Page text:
• Orchestra. The orchestra will be in front of the choir with some standing and some seated. Likely the brass and some woodwinds will stand and the strings will be seated as needed. I want some of them to stand so that their presence is clearly seen and heard since this is their first time to participate along with the band and the choir.

Building Blocks of Biblical Worship

Calvin Institute of Christian Worship – Worship 101: The Building Blocks of a Biblical Approach to Worship: “Worship 101: The Building Blocks of a Biblical Approach to Worship
John D. Witvliet
Calvin Symposium on Worship 2008

This session explored some of the Bible’s most fundamental teaching about worship, with an aim to equipping participants to teach this material in their own worshiping communities. This session is especially ideal for first-time Symposium attendees, as well as veterans who want to energize their own teaching ministries.”

10 Core Convictions about Worship

I appreciate the work of the Calvin Institute of Christian Worship at Calvin Seminary in Michigan. They are part of what some call the liturgical renewal movement and have been in existence for ten years now. Below is a summary of their convictions about worship after ten years.

Ten Core Convictions About Christian Worship

1. a vivid awareness of the beauty, majesty, mystery, and holiness of the triune God
Worship cultivates our knowledge and imagination about who God is and what God has done. Worship gives us a profound awareness of the glory, beauty, and holiness of God. Each element of worship can be understood through a Trinitarian framework. Worship renewal is best sustained by attention to the triune God we worship.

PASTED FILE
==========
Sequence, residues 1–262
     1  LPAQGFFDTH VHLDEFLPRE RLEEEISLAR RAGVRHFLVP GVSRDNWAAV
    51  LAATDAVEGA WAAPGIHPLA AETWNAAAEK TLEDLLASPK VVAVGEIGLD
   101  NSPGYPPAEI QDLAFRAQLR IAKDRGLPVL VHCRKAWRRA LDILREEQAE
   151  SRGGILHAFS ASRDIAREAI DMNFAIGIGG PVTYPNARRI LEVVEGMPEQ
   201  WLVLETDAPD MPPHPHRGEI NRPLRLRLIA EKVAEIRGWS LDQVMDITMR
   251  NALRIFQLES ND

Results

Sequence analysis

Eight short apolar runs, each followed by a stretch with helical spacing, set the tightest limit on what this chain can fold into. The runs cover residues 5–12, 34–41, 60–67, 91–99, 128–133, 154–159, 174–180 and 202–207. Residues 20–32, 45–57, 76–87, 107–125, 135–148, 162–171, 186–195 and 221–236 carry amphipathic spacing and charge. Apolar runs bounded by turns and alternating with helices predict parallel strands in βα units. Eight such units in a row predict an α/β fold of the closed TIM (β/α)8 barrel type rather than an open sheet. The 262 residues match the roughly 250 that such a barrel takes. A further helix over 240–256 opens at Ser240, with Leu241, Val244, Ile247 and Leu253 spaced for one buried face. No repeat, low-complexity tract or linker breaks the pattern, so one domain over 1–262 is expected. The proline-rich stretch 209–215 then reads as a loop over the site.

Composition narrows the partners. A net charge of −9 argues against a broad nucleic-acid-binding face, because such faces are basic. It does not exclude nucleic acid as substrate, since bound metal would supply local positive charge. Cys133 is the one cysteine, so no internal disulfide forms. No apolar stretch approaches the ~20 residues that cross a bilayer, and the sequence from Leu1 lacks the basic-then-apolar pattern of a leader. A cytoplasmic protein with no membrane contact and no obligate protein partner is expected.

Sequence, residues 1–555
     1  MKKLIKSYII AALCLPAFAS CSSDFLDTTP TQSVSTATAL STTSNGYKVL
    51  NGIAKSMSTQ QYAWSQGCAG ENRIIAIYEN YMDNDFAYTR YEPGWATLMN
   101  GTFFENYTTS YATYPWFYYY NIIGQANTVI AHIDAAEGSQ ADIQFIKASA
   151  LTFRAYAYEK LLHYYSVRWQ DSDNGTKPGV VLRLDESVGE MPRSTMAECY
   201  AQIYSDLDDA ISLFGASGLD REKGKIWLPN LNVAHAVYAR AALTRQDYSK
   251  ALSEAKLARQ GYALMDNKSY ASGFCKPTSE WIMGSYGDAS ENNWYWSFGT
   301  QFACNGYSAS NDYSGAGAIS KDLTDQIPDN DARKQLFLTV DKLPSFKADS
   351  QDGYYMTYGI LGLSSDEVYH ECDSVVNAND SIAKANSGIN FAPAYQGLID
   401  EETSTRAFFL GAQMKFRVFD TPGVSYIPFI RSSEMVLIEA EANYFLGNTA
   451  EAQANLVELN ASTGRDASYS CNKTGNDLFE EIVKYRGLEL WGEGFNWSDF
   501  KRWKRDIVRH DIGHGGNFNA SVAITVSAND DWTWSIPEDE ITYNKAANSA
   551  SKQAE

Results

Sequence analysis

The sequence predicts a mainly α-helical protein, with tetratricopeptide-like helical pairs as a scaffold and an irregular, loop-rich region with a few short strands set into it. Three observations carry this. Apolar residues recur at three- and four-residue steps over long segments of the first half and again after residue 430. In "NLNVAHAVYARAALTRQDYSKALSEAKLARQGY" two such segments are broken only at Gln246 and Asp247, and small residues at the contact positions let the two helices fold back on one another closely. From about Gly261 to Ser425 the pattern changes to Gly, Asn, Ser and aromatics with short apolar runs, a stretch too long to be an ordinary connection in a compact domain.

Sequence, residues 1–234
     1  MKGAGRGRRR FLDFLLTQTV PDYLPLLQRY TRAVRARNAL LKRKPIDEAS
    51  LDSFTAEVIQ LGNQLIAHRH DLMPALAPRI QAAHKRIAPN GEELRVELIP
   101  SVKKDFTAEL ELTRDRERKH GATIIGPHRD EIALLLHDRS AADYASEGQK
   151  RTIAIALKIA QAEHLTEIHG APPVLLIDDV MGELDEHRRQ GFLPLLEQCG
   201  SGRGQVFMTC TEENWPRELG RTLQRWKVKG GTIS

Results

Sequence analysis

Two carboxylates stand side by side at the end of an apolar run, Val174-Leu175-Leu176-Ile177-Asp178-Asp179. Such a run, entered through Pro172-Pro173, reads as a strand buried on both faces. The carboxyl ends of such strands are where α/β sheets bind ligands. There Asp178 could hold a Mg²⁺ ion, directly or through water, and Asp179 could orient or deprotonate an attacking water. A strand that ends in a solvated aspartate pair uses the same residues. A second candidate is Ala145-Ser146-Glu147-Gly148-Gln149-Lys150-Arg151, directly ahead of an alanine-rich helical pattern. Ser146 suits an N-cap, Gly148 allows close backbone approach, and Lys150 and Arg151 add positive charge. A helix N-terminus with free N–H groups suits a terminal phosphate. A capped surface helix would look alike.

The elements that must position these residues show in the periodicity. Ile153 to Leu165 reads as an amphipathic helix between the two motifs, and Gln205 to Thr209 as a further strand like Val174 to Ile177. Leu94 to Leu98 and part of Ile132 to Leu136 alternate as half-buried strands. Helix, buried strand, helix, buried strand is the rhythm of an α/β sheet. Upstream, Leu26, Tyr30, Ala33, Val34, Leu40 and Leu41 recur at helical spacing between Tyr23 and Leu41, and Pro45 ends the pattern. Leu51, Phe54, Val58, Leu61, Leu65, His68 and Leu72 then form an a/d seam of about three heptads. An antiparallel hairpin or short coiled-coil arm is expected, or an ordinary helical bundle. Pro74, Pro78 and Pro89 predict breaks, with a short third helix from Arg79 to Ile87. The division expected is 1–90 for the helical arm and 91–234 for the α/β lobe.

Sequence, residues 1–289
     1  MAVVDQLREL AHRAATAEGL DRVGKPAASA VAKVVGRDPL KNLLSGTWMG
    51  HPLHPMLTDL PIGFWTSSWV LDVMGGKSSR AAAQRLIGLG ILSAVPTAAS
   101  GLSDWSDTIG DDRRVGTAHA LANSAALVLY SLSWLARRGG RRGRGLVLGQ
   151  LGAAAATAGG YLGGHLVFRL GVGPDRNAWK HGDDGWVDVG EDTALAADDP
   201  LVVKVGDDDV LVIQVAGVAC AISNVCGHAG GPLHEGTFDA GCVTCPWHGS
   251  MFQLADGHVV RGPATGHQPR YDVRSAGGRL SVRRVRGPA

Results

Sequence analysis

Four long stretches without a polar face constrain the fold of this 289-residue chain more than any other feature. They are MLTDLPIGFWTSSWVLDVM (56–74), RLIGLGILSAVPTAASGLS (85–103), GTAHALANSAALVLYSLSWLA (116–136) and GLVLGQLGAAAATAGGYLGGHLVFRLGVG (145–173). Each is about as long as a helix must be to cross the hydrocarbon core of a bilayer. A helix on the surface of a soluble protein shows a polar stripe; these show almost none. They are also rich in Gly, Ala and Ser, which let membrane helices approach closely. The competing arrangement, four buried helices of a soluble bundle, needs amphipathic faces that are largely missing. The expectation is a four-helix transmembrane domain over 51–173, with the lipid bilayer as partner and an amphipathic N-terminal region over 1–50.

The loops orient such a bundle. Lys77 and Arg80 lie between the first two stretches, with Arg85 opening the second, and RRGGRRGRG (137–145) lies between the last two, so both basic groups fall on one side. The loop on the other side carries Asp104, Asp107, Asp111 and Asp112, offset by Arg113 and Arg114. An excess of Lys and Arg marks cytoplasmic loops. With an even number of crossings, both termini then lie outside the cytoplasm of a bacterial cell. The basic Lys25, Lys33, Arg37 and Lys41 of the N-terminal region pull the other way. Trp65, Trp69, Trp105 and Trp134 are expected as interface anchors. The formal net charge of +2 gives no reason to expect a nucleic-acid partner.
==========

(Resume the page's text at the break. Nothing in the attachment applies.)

2. the full, conscious, active participation of all worshipers, in the context of a fully intergenerational community
Worship is not just what ministers, musicians, and other leaders do; it is what all worshipers “do”—through the work of the Spirit in worship. In vital worship, all worshipers are involved in the actions, words, and meaning of worship. God’s covenant promises endure “from generation to generation.” Worship that arises out of an intentionally intergenerational community, in which people of all ages are welcomed as full participants, and whose participation enriches each other, reflects that worship breaks down barriers of age.

For more, click here: http://www.calvin.edu/worship/about/ten/

Related Link
Ten core convictions with related scripture, questions, and resources